He's Back! Robert Ott Has Big Plans For His RJO Enterprise

He built a music empire that generated wealth for investors and creators alike, and after taking an extended holiday, he is back to do it his way all over again with a new enterprise, a book, and even a music festival.

He's Back! Robert Ott Has Big Plans For His RJO Enterprise

By Martin Melhuish

Robert Ott, founder and former CEO/Chairman of ole (recently rebranded as Anthem Entertainment),  one of the world’s largest independent music publishing, recorded music and rights management companies, stepped down from those duties in late 2018 after selling his stake in the company. He has since founded RJO Enterprises, a private investment company based in Toronto. In this candid chat with Martin Melhuish, Ott briefly looks back on the ole years, which saw a small-town kid found and build a successful multi-national music company for which he raised almost $1 billion over time. He also talks about future plans that now also include a music festival in the Okanagan Valley and a book that shares real-life, hard-learned lessons about the entrepreneurial journey with beginning and mid-stage entrepreneurs.  



What were the circumstances surrounding your departure from ole?

With any large-scale investment, like the one in ole, there are a couple of goals involved. One of them is to build a great company, but with that comes the eventuality that at some point that company will be transacted. When you’re working with an institutional investor like the Ontario Teachers’ Pension Plan, that potential is always on the table. At a certain point, it just made sense to take a look at the value of the company and, as I’m sure you are aware, there was a public process around that, and there was going to be an outcome. Eventually, Teachers’ offered to buy my stake, and it seemed like good timing and the right move for me, so I took the offer.

You started ole in the early 2000s during a disruptive period for the music business. What was your philosophy at the time in raising capital for the company?

At the time, a lot of parties on Bay Street in the financial sector were looking for ways to diversify out of holding a predominate amount of their capital in the stock market; they were looking for defensive strategies against market fluctuations. The whole field of private equity was in a fledgling state at the time. I began to have conversations with people from the financial sector who were interested in the annuity-like nature of music publishing rights and revenue streams. At the time I was at the helm of BMG Music Publishing in Canada, and we began having conversations with some of the financial people about how the revenue streams work, and it soon became obvious that it was a good fit. One of the hurdles I had to overcome was thinking big enough in terms of scale that these folks play in. We eventually did get the company funded, which was about $40 million at the time.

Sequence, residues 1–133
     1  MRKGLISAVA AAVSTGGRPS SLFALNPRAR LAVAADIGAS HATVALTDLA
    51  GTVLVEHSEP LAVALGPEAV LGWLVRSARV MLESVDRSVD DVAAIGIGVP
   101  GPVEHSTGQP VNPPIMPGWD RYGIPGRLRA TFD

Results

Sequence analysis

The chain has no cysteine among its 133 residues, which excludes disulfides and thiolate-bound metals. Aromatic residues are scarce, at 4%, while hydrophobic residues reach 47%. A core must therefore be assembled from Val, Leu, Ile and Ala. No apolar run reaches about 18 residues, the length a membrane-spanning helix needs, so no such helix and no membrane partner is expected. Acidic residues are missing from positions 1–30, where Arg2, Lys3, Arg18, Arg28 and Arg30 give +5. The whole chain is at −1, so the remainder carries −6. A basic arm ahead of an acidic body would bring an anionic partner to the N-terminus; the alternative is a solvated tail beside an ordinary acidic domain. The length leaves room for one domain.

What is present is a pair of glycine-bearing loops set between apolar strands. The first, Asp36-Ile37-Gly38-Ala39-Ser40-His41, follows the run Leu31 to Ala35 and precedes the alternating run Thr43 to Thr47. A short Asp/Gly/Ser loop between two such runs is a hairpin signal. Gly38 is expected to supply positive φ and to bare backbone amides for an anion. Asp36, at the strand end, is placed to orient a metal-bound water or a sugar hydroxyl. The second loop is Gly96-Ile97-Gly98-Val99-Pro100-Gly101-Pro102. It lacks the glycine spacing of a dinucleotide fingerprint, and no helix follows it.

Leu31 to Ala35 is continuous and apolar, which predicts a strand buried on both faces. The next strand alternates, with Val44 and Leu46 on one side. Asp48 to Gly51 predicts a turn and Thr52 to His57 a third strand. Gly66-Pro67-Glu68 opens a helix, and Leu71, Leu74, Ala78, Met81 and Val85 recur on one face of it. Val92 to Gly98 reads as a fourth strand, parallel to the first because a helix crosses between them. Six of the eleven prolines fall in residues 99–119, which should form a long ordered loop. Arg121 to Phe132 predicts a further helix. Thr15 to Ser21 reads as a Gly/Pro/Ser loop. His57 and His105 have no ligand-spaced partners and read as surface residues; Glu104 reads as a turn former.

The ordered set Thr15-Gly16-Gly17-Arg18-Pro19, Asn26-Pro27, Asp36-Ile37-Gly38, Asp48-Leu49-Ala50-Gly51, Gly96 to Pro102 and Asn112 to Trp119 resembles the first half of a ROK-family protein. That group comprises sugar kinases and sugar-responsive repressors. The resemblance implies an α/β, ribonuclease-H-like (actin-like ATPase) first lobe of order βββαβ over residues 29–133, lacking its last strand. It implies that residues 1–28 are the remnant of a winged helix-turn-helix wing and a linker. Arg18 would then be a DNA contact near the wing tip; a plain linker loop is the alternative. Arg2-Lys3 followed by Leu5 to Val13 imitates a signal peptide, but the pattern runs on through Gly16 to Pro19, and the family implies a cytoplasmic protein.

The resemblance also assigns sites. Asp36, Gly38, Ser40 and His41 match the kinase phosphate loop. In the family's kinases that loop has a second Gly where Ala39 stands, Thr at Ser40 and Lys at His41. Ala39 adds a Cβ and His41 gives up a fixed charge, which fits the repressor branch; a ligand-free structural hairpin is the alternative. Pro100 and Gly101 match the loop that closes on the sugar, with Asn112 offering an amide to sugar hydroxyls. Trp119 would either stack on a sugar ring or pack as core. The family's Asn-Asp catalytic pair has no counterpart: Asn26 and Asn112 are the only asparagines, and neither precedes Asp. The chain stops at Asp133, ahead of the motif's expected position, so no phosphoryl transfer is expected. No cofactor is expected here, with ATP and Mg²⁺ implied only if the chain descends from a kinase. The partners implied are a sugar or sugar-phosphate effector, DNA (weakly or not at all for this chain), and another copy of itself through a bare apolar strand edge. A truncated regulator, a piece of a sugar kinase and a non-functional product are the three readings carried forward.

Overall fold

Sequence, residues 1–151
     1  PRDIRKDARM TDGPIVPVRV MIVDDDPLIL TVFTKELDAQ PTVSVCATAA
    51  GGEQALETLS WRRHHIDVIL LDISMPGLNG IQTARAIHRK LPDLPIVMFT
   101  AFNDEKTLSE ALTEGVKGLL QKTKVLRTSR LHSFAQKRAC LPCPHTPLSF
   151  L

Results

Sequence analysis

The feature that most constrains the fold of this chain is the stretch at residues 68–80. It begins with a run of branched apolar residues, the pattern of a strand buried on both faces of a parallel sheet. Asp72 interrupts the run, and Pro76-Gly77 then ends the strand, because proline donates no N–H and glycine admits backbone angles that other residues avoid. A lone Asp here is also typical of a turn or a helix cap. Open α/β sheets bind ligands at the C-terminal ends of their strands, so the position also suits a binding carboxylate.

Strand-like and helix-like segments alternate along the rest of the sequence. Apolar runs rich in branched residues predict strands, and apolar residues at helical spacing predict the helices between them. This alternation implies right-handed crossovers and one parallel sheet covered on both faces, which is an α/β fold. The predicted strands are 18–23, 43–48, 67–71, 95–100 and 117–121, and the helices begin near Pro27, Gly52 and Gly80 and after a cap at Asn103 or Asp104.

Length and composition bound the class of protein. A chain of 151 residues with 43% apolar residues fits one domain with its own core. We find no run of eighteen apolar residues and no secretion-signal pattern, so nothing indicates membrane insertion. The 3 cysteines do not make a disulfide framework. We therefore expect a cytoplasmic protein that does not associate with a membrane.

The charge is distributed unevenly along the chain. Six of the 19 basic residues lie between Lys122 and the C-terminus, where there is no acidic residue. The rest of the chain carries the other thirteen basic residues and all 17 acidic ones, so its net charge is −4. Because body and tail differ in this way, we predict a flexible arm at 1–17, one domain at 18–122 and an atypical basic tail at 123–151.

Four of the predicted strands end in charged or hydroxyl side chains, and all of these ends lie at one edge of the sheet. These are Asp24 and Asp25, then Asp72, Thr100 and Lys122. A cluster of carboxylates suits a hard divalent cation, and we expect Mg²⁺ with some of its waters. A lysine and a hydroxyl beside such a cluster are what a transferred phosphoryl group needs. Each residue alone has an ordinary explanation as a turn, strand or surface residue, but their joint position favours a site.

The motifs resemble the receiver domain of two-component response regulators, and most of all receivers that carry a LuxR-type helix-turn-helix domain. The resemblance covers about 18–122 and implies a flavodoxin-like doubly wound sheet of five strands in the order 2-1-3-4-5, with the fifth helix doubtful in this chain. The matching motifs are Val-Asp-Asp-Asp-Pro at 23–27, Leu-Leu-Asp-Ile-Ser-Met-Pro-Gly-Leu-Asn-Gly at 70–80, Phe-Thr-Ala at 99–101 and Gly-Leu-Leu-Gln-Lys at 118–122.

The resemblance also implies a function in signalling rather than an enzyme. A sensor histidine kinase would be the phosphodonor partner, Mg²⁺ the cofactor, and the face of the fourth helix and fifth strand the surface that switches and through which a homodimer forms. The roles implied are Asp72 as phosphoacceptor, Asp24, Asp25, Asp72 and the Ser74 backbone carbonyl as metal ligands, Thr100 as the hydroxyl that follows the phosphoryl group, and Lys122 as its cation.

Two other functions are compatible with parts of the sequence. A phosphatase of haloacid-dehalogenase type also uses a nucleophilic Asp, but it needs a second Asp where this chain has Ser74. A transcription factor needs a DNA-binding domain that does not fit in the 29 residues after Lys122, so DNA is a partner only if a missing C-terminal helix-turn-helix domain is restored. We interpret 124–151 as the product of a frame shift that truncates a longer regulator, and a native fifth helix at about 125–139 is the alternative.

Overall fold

ole evolved over the years from a music publisher to a company with wider interests. Just in a thumbnail, how did that evolutionary process play out?

The company’s initial core was music publishing, but, over time, it made sense to branch into other avenues where we could use a common back office to create economies of scale. The more diversified we were, the more opportunity we had to be defensive against being disintermediated by our competitors. It also gave us the chance to scale in multiple areas.


Achieving scale and having the ability to grow in different directions was an intention from the outset and a desired outcome for any institutional investor. We ended up getting into the label business with the acquisition of Anthem Entertainment. We grew into a serious multi-channel network business and embraced neighbouring rights, AV secondary rights, and production music. These businesses were diverse, yet associated, so we didn’t have silos sitting too far away from the core business. They all made sense, were cohesive, and used a common back office.


In the fall of 2016, you arranged a USD 500 million credit facility from a consortium of 12 U.S. and Canadian banks to fund acquisitions. A year later it was reported that the company had a gross margin of around $65M and EBITDA of 60 percent. What do you consider are some of the other major highlights of your tenure as CEO/Chairman of ole?

Initially, we were very focused on the film and television space. It was the road less traveled in the publishing world at the time and defensive against the downturn in mainstream music due to P2P file sharing. You have to remember, we came into the market up against many mature multinational companies and needed to find our own niche.

The first deal that we struck was an administration deal in 2005 with Corus Entertainment for the Nelvana music publishing rights, which later turned into 15 some-odd deals and with us progressively doing more business in partnership together. That was the deal that put the bedrock in the company and led to many other deals in film and television. By the time I exited the company, we had done 80 to 90 separate publishing deals with major AV content producers. Our audio-visual secondary rights business had some 700-plus clients around the world, including companies like Dreamworks, ITV and the BBC. AV music was an intentional strategy and led to the Sony Pictures acquisition in 2013. That was a watershed moment. It had an incredible lifting effect on our EBITDA, which basically doubled overnight. It was a decisive moment for the use of leverage in the company because we were able to finally part ways from our cost structure and become very profitable. That led to more acquisitions in the mainstream music space like Timbaland and Rush. At that point, we had a real company.


What is your perspective now on that period of your professional life?